National Library at a 'digital watershed'

Big Data exhibition first to be staged in the refurbished building in Wellington

A Big Data exhibition is being staged in the refurbished National Library in Wellington.

National Librarian Bill Macnaught says he’s keenly looking forward to the public’s reaction to the $65 million upgrade of the building. The most attention-grabbing enhancements are large flat-panel displays in the public areas and the introductory exhibition, entitled “Big Data – Changing Place”.

The Library has been closed since December 2009 for a major refurbishment. An advance audience of media, National Library staff and dignitaries including Prime Minister John Key were the first to see the new layout at a reopening yesterday.

The Big Data exhibition draws on data progressively being opened up by government agencies, including Land Information New Zealand and GNS Science (formerly Geological and Nuclear Sciences) as well as overseas contributors such as NASA.

“This is a new chapter in the National Library’s life” says Macnaught. While the conventional research spaces and stores of physical exhibits and documents will still be there, “we are in the middle of a watershed, where from now on digital is the way we’ll be serving our customers” and linking with other knowledge institutions nationally and internationally, he says.

“This is a new way of sharing knowledge, where the National Library is leading knowledge networks across New Zealand to mash up old knowledge and from it create new knowledge,” Macnaught says.

One aim of the redesigned public interface is to overcome the forbidding appearance of the building, by drawing people in with digital displays, particularly Lifelines, a large horizontal touch-sensitive display surface in the foyer, where visitors can explore photographic material related to their home region or their family. This done by selecting or typing geographical and personal keywords and through what Macnaught calls a “serendipitous approach, casually flicking through the material”.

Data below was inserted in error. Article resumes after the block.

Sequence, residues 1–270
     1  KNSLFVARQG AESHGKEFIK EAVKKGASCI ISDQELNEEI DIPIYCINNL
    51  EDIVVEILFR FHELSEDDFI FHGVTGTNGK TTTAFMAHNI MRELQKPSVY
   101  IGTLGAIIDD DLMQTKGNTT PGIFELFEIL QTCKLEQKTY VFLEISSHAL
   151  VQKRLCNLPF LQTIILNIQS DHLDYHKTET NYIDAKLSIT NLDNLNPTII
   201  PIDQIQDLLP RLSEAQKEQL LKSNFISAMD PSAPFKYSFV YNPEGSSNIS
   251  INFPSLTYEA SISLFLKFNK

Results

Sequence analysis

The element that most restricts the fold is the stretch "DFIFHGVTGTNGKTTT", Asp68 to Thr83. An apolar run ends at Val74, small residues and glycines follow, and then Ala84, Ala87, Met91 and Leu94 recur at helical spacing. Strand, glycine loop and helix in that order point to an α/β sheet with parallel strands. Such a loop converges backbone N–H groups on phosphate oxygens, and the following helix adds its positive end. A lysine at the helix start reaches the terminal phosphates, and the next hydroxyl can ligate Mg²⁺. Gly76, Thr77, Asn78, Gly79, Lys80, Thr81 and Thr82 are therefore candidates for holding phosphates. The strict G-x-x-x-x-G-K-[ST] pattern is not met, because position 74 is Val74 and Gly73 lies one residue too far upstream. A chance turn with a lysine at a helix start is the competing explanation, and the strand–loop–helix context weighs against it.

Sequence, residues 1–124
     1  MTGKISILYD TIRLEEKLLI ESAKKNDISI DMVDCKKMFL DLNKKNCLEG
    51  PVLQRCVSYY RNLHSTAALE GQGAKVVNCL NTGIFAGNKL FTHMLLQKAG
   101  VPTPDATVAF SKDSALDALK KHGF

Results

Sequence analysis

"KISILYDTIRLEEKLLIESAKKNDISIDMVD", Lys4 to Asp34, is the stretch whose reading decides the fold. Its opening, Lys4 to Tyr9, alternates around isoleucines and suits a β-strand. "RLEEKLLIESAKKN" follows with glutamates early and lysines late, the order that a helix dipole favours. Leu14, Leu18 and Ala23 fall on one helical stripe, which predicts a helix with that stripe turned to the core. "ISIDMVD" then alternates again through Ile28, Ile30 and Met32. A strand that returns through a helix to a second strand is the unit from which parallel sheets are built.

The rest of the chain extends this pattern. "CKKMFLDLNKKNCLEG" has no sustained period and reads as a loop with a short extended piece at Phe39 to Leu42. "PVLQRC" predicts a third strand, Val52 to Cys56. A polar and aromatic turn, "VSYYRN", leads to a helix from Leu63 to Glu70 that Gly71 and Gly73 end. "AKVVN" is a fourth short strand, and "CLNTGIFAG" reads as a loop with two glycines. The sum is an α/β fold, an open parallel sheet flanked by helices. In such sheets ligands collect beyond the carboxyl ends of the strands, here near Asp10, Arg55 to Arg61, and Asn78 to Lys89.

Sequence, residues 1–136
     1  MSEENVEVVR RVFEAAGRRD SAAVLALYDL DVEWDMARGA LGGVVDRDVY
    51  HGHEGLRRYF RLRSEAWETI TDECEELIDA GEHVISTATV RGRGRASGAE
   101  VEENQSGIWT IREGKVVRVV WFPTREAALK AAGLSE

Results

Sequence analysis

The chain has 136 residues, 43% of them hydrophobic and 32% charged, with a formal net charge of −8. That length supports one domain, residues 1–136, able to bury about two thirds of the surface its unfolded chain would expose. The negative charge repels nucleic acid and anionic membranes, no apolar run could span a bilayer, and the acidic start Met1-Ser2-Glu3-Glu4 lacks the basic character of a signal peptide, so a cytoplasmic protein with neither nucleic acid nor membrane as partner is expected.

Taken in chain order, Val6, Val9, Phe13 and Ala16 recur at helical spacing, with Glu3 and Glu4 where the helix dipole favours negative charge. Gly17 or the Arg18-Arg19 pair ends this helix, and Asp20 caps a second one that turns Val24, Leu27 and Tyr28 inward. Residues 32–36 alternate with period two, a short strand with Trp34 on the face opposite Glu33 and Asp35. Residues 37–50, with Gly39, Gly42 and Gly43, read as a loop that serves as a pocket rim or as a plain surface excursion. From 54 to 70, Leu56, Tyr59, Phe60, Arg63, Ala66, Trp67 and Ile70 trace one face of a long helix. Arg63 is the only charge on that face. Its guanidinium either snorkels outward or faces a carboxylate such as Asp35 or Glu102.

Prime Minister John Key seated in an audiovisual pod. Behind him (from left) are Digital NZ content manager Fiona Fieldsend, Internal Affairs Minister Chris Tremain, National Librarian Bill Macnaught and and Department of Internal Affairs CEO Colin Macdonald. Photo by Mark Beatty.

Visitors can build a repository of images relevant to them, attach it to their email address and receive a link that enables them to explore the material from their own devices.

Lifelines was developed by Wellington company ClickSuite.

Ambitious plans for remaking the outside of the building were modified when the recession and the command to trim government expenditure hit, but the reduction in external expansion was compensated by extension of upgrades to the internal space, Macnaught says.

A prominent feature of the Big Data exhibition is a three-panel display showing past, present and future Wellington landscapes; the past images (around 1840) have been generated from 3D visualisations of paintings of the time. The present data comes from LINZ. The future screen is derived from the vision of an architectural student. It includes large areas of solar panels stretched across an undulating land surface, so as to make the best use of the sunlight for power generation, and tanks to farm algae as a source of biofuels.

In developing the digital facet of its refurbishment, the National Library has had “fantastic support” from Government Technology Services, the ICT operations side of the Department of Internal Affairs, of which the Library is a part, says Macnaught.

The development had a budget of $65 million and came within that and the planned timescale, he says.

“I’d rather have this for that cost,” one visitor said, gesturing at the remade foyer, “than another few kilometres of motorway.”

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